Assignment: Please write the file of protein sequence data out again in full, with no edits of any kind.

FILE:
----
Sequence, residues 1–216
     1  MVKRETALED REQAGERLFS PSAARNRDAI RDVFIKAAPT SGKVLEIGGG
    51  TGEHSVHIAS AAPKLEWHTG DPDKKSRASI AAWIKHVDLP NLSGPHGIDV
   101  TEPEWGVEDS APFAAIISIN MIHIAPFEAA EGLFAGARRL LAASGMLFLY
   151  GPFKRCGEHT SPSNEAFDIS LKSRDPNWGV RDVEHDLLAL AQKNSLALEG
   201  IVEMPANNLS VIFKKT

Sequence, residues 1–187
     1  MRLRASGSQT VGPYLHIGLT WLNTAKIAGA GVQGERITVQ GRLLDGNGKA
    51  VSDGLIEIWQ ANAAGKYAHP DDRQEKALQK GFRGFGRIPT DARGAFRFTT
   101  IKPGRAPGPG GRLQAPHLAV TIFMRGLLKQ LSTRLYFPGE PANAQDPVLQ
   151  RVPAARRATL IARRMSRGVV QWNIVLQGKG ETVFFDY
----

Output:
Sequence, residues 1–216
     1  MVKRETALED REQAGERLFS PSAARNRDAI RDVFIKAAPT SGKVLEIGGG
    51  TGEHSVHIAS AAPKLEWHTG DPDKKSRASI AAWIKHVDLP NLSGPHGIDV
   101  TEPEWGVEDS APFAAIISIN MIHIAPFEAA EGLFAGARRL LAASGMLFLY
   151  GPFKRCGEHT SPSNEAFDIS LKSRDPNWGV RDVEHDLLAL AQKNSLALEG
   201  IVEMPANNLS VIFKKT

Sequence, residues 1–187
     1  MRLRASGSQT VGPYLHIGLT WLNTAKIAGA GVQGERITVQ GRLLDGNGKA
    51  VSDGLIEIWQ ANAAGKYAHP DDRQEKALQK GFRGFGRIPT DARGAFRFTT
   101  IKPGRAPGPG GRLQAPHLAV TIFMRGLLKQ LSTRLYFPGE PANAQDPVLQ
   151  RVPAARRATL IARRMSRGVV QWNIVLQGKG ETVFFDY